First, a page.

The ggaHFB method borrows the idea of redistributing beads along the curve and reparametrizing the curve given the redistributed beads from the string method.73–75,86 All the other essential ingredients of the ggaHFB method, such as the multidimensional energy gradient derived on the fly from the harmonic biasing potential and the Fourier representation of both the path and of the corresponding energy gradient (see below) employed in the energy profile integration via generalized line integral as well as optimization strategies, have been obtained from sources independent of the string method despite apparent similarity.21–23,37–40,79,88,104
In the following discussion, we omit the complementary SCS coordinates for clarity. These coordinates are assumed to be either completely minimized or averaged over and do not explicitly affect either the path or its energy. Optimization implies that the SCS coordinates are passed along either through dynamics restart files or through the complete coordinate files. In addition, it is assumed that the changes in the SCS coordinates between the beads are continuous.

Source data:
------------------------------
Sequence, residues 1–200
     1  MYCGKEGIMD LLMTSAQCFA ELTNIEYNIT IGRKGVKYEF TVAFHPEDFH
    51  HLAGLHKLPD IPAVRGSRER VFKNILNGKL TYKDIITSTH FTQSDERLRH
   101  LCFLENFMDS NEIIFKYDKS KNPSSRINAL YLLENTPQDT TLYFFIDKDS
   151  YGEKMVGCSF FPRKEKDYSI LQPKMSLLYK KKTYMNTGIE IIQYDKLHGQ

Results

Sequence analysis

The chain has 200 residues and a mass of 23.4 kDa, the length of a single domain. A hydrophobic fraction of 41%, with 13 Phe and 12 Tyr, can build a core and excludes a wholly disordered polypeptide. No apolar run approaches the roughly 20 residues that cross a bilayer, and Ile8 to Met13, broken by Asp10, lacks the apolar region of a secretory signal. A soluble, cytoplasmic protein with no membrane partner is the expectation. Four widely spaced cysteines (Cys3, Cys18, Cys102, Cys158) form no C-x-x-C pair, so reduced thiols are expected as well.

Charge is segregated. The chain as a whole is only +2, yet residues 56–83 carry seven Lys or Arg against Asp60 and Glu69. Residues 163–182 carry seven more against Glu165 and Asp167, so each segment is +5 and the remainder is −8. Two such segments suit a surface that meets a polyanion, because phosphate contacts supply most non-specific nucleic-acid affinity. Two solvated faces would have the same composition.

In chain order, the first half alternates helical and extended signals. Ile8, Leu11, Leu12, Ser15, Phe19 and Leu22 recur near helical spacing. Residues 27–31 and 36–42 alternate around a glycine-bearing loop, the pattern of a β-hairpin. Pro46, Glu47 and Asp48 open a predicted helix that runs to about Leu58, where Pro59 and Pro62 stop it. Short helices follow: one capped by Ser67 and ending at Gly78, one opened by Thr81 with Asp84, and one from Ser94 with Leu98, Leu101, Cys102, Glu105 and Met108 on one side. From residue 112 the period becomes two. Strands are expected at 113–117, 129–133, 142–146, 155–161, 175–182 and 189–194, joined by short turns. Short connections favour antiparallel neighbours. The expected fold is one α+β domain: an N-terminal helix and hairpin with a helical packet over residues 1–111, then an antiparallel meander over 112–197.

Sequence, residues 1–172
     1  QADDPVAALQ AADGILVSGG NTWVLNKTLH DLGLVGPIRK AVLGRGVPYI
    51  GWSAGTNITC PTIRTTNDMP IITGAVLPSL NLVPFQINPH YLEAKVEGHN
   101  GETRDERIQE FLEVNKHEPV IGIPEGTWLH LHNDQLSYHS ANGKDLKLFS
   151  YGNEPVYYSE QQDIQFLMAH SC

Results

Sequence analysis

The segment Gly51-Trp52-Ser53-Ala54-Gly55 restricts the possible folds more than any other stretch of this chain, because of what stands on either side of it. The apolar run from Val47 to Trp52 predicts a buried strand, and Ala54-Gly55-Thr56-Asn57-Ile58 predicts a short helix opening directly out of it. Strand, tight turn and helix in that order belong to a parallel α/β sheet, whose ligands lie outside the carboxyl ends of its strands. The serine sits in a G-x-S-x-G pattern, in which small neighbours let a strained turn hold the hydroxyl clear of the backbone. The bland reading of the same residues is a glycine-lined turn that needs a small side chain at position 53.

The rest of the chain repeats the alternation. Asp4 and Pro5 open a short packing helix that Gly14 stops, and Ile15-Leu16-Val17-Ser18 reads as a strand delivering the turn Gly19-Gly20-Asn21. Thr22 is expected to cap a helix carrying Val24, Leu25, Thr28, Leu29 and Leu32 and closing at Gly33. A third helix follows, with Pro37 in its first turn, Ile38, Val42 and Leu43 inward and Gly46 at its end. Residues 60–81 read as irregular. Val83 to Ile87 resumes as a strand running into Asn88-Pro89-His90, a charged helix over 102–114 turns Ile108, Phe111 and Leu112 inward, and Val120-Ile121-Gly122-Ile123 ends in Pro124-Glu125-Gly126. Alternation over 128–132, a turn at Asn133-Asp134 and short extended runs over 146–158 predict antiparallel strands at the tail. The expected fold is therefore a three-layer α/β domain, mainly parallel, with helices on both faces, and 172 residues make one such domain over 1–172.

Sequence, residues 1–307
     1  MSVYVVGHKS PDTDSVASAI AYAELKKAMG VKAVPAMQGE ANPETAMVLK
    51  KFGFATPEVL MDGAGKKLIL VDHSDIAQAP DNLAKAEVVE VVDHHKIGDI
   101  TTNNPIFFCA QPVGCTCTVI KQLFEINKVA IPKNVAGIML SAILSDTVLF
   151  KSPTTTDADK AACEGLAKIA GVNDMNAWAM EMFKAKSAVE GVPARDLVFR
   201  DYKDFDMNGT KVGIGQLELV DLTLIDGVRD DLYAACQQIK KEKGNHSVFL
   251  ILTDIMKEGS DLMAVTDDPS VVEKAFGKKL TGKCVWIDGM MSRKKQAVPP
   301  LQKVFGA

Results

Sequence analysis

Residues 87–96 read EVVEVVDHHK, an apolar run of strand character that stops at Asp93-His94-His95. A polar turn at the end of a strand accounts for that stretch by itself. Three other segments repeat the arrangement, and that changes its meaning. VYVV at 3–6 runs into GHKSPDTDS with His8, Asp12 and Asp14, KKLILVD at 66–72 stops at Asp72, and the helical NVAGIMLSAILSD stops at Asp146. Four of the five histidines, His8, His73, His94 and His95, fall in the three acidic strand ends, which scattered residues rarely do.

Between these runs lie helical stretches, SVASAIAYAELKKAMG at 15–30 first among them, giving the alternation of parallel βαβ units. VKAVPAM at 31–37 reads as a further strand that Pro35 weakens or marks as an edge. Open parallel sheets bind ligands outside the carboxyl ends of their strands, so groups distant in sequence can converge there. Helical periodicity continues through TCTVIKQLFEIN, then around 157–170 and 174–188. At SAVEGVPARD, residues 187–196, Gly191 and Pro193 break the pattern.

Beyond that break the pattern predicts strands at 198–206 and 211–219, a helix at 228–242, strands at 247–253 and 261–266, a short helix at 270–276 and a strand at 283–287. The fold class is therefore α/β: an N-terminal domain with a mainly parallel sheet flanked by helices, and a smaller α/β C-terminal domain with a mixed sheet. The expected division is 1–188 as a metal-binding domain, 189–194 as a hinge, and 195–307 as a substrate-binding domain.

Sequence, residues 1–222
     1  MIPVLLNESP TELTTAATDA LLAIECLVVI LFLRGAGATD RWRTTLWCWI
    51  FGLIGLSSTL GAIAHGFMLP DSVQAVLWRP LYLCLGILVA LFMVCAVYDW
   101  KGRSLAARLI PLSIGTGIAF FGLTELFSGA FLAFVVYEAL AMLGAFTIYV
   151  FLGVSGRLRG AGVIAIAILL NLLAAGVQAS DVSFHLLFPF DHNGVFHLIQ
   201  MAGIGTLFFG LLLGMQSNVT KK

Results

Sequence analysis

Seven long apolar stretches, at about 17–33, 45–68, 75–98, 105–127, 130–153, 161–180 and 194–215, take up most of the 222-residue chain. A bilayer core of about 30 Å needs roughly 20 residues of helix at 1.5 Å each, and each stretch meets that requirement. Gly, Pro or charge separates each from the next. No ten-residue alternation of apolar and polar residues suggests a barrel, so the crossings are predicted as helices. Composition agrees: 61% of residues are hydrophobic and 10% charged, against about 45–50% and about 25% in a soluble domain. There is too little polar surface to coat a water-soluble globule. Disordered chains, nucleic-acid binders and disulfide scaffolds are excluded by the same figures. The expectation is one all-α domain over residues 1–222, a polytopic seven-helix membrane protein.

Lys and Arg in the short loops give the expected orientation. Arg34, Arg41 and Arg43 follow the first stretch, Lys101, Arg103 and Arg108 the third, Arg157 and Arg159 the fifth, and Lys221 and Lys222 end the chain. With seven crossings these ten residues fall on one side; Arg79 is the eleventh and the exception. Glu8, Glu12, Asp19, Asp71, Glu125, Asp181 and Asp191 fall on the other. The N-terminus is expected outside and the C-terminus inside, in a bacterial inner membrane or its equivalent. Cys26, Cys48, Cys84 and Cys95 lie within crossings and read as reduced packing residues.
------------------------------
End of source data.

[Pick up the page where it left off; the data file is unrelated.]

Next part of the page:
For brevity, we only discuss how to drive optimization of the transition path ensembles and compute the corresponding free energy profiles. The same strategies apply to finding the transition paths on adiabatic potential energy surfaces and computing the corresponding energy profiles. In this case, the adiabatic potential energies could also be calculated exactly for all the points along the path and compared to those computed using the ggaHFB’s generalized line integral formalism.
Substituting the raw evolved beads into eq 3a gives estimates of the free energy gradients for each bead. These gradients are then used in the steepest descent step to generate the “enhanced evolved beads”:
Here γk is the parameter that controls the SD step size for the kth bead. In the present paper we use the uniform step size parameter γ for all the beads for simplicity.